2 For this see Livy xxxii 9.6-8; 14.7; 15.5-7; 16.4; and 18.2-5.
3 Livy xxxiii 1.1 ‘initio veris’ preceded the mustering of the Macedonian army at Dium. If we allow ten days for the call-up, Philip sent out his orders around 14 March, ‘primo vere’ (xxxiii 3.1).
4 At Cape Zelasium (Livy xxxi 46.7).
5 This is certain from the timing of the events, to which we shall come later. It is clear from Plb. xviii 20.3 that the crops were standing in the fields. Scotussa was a large city with a circuit-wall of some 3 km, and its territory was almost all to the west of the city.
6 If Flamininus had advanced through the gap by Pherae and headed north, Philip would have returned to make contact with Demetrias and Thebes; and he would then have occupied the Pherae gap and cut Flamininus' line of supplies.
7 Livy at xxxiii 6.3 distorted Polybius' account by saying that Philip, being near Larissa, had been informed that Flamininus had moved from Phthiotic Thebes to Pherae. For Polybius said at xviii 19.3 that Philip heard of Flamininus being encamped round Thebes.
8 Eretria—by the village now called Eretria (previously Tsangli)—has been described by Pritchett 140 and by I. Blum in AAA xv (1982) 159 ff.
9 See the discussion by Walbank 576, who summarises earlier views. Kromayer, riding in April from near Pherae to Sotussa, found Pritchett's river Onchestus dry and judged the Platanorrema by Ayia Triadha the only watercourse worthy of the name in the region (his p. 68).
10 The lack of reconnaissance is surprising, as indeed in the approach of each army to the Pherae gap; but it is incomprehensible if Flamininus really intended to invade Scotussaean territory on the other side of the Karadag range.
11 This territory extended eastwards probably to the narrows by Dasolophos and Ambelia.
12 Kromayer 67 f. and Stählin, RE s.v. ‘Skotoussa’, 614.
13 Kromayer 103 n. 3 and Pritchett 135 accepted Livy's figure of 500 for the Aetolian infantry as correct; they thereby reduced the total of Flamininus' forces, both Italian and Greek, to 27,000. Walbank, F. W. followed Kromayer in his Philip V of Macedon (Cambridge 1940) 167, but he gave a total of 32,000 in his Commentary, p. 572.
14 Kromayer 114 dated the battle to the end of May or beginning of June. He therefore postulated up to a month's delay (111); it was accepted by Walbank in his Philip 322, but less firmly in his Commentary, p. 579.
15 Livy's statement is vague. He moves from winter to spring at xxxiii 1.1, and he does not make it clear with which phrase ‘initio autem veris’ is to be associated. As we see from n. 3 above, he thought of spring beginning c. 14th March; he would hardly have asked Attalus to travel any earlier than that.
16 Kromayer 111 ‘die Kornerernte fällt heutzutage in Thessalien um die Mine des Juni’. If the crops had six weeks or so to ripen for harvesting, they would be good fodder for the cavalry mounts; but within, say, a month of harvesting they would be too rich and cause colic. I owe this information to a horseman, Corbett Capps of the National Humanities Center. Combine harvesting was completed by 18th June in 1986. Walbank 579 gave July as the harvest month.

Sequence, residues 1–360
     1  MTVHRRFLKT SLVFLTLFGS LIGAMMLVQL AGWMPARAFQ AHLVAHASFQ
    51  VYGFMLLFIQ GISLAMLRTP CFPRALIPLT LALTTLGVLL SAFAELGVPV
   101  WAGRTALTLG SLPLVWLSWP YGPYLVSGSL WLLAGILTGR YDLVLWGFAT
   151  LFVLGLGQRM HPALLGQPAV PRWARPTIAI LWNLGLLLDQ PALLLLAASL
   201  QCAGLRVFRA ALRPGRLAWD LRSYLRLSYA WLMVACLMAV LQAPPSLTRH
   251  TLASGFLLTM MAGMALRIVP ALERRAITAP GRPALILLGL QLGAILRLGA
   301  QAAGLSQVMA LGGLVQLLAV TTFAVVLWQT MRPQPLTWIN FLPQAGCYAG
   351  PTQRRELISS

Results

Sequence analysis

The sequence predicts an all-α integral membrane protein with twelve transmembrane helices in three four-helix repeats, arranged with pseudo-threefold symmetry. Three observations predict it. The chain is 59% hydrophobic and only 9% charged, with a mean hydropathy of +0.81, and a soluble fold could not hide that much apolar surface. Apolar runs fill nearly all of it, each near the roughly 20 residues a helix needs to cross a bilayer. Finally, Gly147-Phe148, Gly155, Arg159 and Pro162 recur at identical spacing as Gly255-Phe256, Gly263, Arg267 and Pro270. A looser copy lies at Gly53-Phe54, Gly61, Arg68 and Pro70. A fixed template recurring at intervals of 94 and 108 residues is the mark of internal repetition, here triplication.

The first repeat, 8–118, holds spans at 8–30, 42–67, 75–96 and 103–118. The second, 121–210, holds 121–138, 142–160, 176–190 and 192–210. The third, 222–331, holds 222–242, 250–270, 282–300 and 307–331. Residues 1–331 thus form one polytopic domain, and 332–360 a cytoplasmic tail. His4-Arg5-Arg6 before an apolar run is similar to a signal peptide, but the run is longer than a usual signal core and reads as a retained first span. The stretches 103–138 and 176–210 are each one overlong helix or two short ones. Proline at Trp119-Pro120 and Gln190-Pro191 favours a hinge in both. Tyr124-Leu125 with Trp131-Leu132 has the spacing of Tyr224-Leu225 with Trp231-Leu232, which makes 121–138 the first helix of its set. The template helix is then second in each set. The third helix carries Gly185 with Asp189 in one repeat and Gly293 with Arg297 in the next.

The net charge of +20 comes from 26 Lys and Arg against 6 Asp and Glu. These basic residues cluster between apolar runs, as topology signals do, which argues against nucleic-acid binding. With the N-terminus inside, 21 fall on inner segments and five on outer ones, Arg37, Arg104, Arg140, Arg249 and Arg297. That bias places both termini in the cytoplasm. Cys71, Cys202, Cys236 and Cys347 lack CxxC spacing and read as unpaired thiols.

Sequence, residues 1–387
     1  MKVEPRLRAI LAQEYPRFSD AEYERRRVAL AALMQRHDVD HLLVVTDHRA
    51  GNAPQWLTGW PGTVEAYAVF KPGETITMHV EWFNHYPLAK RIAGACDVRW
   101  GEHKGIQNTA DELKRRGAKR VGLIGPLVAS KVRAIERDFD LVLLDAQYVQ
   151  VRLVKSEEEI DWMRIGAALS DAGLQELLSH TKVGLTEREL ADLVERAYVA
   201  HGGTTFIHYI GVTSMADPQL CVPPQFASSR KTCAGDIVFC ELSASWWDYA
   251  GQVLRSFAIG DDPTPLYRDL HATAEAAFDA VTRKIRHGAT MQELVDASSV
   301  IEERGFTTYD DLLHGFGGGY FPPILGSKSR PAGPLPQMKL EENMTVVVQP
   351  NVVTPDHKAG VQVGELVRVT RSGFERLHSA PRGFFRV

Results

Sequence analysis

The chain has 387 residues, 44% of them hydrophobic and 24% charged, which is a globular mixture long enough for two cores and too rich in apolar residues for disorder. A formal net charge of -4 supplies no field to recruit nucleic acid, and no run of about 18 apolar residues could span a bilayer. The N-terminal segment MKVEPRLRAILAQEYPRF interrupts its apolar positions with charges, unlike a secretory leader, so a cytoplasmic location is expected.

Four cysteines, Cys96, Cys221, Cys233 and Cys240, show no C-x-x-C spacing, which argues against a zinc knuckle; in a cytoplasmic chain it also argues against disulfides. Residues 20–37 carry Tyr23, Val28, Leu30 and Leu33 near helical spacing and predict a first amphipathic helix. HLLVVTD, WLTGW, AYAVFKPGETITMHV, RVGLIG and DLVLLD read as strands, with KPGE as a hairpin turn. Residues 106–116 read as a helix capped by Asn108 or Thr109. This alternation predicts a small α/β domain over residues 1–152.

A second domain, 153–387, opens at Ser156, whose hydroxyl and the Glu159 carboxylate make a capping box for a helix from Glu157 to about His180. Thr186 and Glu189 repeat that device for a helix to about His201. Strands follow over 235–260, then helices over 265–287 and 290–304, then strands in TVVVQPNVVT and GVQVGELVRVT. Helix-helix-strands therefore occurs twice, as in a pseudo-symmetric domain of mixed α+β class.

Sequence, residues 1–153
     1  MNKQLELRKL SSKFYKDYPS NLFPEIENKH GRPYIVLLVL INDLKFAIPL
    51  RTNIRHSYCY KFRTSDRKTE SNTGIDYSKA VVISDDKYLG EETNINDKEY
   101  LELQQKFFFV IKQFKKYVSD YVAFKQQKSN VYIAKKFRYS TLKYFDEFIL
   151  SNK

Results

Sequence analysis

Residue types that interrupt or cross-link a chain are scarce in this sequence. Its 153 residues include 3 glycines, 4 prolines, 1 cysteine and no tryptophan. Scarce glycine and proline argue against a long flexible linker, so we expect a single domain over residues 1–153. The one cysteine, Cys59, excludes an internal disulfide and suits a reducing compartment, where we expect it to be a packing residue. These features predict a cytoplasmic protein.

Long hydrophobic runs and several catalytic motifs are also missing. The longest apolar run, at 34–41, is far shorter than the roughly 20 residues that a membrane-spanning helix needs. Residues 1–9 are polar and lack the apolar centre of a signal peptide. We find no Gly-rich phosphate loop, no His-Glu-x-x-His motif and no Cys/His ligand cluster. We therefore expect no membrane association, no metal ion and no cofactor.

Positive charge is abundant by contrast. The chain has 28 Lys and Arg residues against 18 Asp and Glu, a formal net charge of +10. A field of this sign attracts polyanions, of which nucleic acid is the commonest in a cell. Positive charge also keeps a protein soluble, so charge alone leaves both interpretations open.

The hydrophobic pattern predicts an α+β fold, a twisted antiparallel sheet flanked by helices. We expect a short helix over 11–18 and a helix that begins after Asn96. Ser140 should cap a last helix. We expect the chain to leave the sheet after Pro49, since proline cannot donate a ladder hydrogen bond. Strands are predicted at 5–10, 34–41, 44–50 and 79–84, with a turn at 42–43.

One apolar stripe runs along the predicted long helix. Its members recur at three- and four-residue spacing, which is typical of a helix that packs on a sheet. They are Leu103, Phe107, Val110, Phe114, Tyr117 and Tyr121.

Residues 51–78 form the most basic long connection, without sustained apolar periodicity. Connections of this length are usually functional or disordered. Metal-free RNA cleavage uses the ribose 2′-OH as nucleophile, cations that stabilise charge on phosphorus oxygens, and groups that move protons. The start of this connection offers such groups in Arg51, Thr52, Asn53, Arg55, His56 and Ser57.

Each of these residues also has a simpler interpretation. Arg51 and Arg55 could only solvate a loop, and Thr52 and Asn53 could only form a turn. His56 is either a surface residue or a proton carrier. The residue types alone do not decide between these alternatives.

17 Kromayer 115 tries to explain the origin of Livy's mistake.
18 Morgan 23-54; he refers in n. 3 to Y. Béquignon's excavation.
19 Since Peleus was represented as ruling over both Phthia and Pharsalus (lines 22 and 731), the Thetideum had to be on the edge of their territories' meeting place, that is not in the plains but somewhere overlooking the plains. J. D. Morgan has very kindly drawn my attention to the Scholia on E. Andr. 16-17, which, like Strabo, place the Thetideum between these towns, ‘Phthia and the Pharsalian town.’ For the view that there was also a place or town called Thetideum, see F. Stählin in RE vi.i (1936) 205 f. s.v. ‘Thetideion’ ‘Tempel der Thetis und Ortschaft’. He gave the evidence for Thetis being also a corn-goddess in Thessaly. See also Walbank 579.
20 LSJ9 s.v. ‘άντί’ C i gives the meaning of the compound as ‘over against’ which I take to be the opposite of ‘alongside’ or ‘parallel to’. The πρός of πρός τό μεσόν shows in which direction the ridges were pointing. For κατά see Appendix I. We should retain άντιτεινόντων as the lectio difficilior and not emend read άνατεινόντων. Plutarch used άντιτείνω for a precise geographical description at Them. 8.3.
21 The Foundation elected me to a Fellowship for a month and the British Academy gave me a grant to travel. I am most grateful to both. Dr M. B. Hatzopoulos and his son Philip accompanied my wife and me on the reconnaissance. Dr Hatzopoulos gave me much excellent advice on matters of topography and tactics.
22 In 1835 Leake 472 described the river as ‘often to very formidable in winter and sometimes quite dry in summer’. Kromayer 118 wrotein 1907 of the only stone bridge in the area, that of Dendrakia. Where the river cut into the alluvium at bends, it created steep banks (Caesar, B.C. iii 88.6).
23 Peek, W., Griechische Vers-Inschriften aus Thessalien (Heidelberg 1975) 7; and Tziaphalias, A. S. in Arch. Delt. xxx (1975)  B 1 Chron. 196 f.
24 That there was a tumulus, said to be the burial-place of Amazons, ‘in Scotussaean territory and by the Cynoscephalae’ is known from Plu. Theseus 27 fin. What is uncertain is whether Philip mounted such a tumulus to address his men.